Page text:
Last May, Mary Harney said in an address to her party members at the launch of the Progressive Democrats' Local Elections' Manifesto: 'In this manifesto, we are... committed to ending private windfall profits arising from re-zoning decisions.' In an ad-lib, she had the gall to warn that she might have the Competition Authority investigate hoarders of development land. It's no surprise that nothing has been heard since from Ms. Harney on her plans for reforming the corrupt system of development land price determination. However, the ad-lib reference to the Competition Authority was very revealing. Ms. Harney has avoided decisions on every critical issue of deregulation and competition under the control of the Irish Government, by requesting the Competition Authority to produce a report. Nevertheless, she is far from shy about extolling the virtues of deregulation such as in aviation and telecommunications, which has been mandated by the European Union. 

One clear result of failure to tackle deregulation and competition issues is our ranking as most expensive of the European Union's 25 member countries for food and drink and Dublin's rank as the 14th most expensive city in the world. Ms. Harney claims credit for tax reform but increases in indirect taxes have compounded our high cost base. (See the Finfacts Price Comparisons Page and  European Union Tax Rates 2004 and Taxation Burden 1995-2002). Her name has become synonymous with high prices and her Marie Antoinette style recommendation to 'shop around' reflected her lack of concern for consumer issues.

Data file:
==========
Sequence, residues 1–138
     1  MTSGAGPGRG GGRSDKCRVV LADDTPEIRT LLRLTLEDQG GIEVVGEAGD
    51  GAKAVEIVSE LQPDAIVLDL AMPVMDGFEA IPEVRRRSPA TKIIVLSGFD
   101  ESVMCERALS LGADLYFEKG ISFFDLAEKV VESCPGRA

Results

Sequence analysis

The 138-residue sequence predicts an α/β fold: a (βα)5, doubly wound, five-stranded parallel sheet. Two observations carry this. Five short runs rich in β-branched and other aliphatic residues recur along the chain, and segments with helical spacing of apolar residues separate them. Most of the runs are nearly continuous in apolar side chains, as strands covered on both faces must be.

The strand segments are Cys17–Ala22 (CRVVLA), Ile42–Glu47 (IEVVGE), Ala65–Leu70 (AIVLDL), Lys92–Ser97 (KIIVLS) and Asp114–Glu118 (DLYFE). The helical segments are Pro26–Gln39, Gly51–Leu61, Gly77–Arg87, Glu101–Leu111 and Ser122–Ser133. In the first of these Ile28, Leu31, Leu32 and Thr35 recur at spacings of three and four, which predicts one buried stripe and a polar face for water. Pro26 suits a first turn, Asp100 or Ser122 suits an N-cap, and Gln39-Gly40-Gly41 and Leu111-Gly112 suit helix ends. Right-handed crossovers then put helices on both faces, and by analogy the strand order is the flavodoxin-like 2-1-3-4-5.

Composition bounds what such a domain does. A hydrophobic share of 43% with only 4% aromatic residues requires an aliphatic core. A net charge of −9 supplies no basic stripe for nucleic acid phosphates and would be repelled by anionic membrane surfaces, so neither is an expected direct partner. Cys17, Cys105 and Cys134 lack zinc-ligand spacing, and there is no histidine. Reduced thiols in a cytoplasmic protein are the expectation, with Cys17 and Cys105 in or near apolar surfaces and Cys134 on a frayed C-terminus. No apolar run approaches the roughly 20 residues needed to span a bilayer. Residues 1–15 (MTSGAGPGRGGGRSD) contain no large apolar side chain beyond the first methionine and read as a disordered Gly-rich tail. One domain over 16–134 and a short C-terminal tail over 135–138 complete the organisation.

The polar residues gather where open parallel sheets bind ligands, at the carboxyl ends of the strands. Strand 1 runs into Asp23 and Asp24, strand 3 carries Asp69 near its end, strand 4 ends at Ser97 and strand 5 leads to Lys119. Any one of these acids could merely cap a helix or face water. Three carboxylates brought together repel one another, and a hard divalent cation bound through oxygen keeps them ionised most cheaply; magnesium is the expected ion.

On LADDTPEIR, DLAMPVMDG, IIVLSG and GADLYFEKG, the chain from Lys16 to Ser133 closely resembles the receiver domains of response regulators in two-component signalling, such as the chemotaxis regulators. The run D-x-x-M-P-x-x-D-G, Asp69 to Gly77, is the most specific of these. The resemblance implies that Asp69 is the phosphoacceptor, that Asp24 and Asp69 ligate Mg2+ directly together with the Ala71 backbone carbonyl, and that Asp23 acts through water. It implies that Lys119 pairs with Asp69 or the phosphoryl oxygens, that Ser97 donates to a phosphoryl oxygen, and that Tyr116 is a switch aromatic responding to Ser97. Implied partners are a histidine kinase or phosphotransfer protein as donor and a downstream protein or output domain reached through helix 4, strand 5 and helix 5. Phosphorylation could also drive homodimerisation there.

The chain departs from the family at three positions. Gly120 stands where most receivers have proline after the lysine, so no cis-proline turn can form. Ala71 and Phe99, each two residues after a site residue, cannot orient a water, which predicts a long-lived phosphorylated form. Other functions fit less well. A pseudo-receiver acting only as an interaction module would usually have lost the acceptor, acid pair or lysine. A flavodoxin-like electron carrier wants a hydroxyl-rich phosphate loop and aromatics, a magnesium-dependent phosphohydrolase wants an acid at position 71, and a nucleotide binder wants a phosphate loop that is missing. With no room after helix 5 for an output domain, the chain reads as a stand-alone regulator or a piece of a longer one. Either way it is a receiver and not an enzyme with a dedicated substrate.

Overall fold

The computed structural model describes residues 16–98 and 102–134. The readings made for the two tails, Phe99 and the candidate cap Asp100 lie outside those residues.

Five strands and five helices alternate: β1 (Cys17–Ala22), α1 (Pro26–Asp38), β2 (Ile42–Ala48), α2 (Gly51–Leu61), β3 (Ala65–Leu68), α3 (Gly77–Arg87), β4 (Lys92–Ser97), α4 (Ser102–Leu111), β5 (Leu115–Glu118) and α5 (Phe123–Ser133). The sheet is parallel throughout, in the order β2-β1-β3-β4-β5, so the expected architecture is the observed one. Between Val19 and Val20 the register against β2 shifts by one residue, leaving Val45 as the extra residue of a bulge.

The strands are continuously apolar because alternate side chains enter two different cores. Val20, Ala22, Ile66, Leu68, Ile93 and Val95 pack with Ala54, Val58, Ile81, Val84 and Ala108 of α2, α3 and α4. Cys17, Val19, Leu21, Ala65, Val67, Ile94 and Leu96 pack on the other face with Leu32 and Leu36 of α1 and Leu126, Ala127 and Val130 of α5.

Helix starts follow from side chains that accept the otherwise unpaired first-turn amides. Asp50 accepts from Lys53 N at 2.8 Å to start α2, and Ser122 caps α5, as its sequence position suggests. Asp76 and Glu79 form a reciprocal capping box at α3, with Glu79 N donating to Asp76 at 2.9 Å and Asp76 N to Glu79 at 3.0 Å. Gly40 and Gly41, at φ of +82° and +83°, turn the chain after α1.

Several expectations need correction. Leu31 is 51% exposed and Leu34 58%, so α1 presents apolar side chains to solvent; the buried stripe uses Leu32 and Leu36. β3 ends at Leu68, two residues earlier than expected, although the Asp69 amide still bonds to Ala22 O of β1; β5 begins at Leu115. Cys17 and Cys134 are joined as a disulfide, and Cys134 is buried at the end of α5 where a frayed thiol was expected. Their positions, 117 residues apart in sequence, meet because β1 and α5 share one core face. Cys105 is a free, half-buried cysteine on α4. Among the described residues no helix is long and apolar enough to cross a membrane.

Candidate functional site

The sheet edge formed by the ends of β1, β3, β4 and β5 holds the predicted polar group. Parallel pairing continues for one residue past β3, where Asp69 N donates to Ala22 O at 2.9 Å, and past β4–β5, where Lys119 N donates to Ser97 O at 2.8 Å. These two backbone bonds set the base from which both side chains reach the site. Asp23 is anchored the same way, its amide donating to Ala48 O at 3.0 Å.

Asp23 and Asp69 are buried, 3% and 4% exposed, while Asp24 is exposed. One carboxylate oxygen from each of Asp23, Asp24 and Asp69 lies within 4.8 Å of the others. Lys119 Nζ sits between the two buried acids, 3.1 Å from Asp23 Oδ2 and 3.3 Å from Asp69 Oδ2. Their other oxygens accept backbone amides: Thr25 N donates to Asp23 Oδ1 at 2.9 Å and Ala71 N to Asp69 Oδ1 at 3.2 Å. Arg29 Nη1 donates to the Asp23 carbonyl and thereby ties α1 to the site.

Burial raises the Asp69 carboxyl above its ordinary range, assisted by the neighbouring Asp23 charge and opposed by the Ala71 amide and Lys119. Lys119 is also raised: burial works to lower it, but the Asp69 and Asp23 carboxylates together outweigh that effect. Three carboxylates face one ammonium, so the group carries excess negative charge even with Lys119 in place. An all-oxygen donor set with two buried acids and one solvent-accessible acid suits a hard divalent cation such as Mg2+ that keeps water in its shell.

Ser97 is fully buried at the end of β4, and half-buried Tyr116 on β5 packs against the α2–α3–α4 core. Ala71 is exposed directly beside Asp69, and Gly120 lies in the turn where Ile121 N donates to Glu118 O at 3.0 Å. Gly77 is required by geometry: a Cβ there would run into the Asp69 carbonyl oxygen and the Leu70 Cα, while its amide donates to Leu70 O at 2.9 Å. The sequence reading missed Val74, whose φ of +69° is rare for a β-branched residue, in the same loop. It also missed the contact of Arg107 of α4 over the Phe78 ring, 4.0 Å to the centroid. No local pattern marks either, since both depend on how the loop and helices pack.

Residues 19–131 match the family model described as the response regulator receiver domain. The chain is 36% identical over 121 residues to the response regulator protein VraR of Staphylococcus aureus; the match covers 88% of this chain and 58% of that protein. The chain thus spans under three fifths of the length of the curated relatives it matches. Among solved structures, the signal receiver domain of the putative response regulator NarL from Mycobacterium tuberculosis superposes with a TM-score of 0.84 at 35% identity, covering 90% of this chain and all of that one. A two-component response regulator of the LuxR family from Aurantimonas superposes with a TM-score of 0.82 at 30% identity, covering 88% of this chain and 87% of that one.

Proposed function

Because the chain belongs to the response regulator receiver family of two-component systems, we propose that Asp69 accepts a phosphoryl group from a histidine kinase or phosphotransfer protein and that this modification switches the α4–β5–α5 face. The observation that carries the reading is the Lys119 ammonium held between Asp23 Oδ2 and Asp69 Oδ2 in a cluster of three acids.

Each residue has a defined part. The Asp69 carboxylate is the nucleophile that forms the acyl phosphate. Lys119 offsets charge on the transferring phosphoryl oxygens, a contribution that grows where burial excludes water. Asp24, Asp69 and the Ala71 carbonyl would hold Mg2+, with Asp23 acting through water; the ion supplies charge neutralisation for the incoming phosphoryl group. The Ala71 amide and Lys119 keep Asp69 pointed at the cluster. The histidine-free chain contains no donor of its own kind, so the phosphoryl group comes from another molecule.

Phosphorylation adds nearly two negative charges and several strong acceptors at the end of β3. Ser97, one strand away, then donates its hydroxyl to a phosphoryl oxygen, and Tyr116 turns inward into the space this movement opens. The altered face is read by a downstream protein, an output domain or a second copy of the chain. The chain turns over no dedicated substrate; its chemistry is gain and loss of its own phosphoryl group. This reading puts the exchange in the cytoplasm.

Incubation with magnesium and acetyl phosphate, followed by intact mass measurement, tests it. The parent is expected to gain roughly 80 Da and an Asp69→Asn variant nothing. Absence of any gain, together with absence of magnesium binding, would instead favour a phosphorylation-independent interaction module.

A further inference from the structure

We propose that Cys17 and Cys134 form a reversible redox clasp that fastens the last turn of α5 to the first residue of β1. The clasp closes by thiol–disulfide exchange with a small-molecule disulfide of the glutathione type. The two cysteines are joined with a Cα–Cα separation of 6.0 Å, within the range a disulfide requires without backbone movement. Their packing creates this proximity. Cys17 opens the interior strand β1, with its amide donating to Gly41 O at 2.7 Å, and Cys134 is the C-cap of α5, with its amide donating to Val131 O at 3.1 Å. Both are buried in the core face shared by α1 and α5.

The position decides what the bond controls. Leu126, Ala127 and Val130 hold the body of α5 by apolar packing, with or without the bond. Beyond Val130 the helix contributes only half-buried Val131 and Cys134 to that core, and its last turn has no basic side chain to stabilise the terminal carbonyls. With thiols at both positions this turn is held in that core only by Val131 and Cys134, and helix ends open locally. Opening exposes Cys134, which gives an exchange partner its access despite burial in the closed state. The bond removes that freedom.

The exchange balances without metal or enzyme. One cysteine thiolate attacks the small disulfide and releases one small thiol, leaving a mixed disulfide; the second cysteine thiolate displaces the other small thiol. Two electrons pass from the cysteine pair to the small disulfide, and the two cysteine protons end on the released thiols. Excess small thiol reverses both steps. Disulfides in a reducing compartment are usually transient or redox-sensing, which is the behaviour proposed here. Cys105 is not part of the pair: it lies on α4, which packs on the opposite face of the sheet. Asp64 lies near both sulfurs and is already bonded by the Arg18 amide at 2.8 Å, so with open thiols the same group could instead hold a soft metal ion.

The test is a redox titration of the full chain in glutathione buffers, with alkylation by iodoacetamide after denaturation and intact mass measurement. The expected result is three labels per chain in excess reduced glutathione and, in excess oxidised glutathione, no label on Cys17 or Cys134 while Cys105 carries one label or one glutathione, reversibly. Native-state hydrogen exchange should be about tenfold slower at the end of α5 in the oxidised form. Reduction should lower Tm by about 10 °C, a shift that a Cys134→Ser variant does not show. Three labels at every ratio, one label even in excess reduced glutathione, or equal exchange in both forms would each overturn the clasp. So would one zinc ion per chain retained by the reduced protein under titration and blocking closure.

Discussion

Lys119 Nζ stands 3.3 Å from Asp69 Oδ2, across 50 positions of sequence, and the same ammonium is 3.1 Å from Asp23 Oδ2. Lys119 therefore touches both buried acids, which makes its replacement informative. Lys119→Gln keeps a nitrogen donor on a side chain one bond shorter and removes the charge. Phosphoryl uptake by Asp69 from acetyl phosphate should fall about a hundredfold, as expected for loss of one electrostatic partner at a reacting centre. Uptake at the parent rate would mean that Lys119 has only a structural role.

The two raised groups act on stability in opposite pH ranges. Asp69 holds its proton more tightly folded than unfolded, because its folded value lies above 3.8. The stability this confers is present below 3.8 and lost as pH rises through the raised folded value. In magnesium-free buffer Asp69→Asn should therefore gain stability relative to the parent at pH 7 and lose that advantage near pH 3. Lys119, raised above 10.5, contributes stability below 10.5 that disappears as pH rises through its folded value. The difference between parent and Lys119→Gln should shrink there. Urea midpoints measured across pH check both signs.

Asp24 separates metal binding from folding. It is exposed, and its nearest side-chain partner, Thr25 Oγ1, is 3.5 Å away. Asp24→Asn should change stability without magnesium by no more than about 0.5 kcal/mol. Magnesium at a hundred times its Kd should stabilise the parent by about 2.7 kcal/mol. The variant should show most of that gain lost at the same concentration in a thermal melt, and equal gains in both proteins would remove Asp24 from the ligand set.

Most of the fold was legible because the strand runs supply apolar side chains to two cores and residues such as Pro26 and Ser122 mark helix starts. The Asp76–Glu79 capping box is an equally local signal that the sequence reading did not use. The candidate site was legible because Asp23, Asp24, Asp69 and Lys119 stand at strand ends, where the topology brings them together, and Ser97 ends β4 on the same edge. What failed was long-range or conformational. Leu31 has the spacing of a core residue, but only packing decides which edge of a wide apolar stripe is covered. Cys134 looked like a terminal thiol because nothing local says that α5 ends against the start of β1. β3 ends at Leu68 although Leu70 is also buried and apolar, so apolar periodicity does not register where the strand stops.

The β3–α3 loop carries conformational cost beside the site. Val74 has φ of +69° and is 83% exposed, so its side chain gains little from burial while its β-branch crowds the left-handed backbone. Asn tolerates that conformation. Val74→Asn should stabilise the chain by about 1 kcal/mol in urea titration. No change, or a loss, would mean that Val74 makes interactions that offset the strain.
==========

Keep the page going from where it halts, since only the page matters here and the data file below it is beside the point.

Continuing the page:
In a seven year period there are inevitably some legislative achievements such as the post-Enron changes in company law and its enforcement. In addition, the recent reductions in insurance charges shows what can be achieved if there is a serious political commitment to deregulation and competition. However, Ms. Harney's overall ministerial record has been poor and she has expressed a desire to have a new position in the Government. Ms. Harney will leave a legacy to her successor of a) action required on deregulation and competition in several areas of the Irish economy b) policy responses to the Enterprise Strategy Group on its recommendations on an enterprise strategy for growth and employment in Ireland up to the year 2015 c) the response to the Consumer Strategy Group's report due in late 2004, on enhancing consumer protection and ending extensive price profiteering.

Mary Harney is the head of a party which has sought to present itself as a champion of radical reform but real progress has been glacial. She has been a strong supporter of the shambolic decentralisation programme and the rollback of the baby steps which had been taken in the 1990's in providing greater transparency for public decision making. Welcoming new American companies to Ireland has been the very public part of her job but so much has been neglected. As the head of her party, Bertie Ahern does not have a realistic choice but to give Ms. Harney another position in Government. She does not deserve it.

- Michael Hennigan

Our Comment feature has been incorporated in the:

The Finfacts Ireland News & Comment  Service from October 2004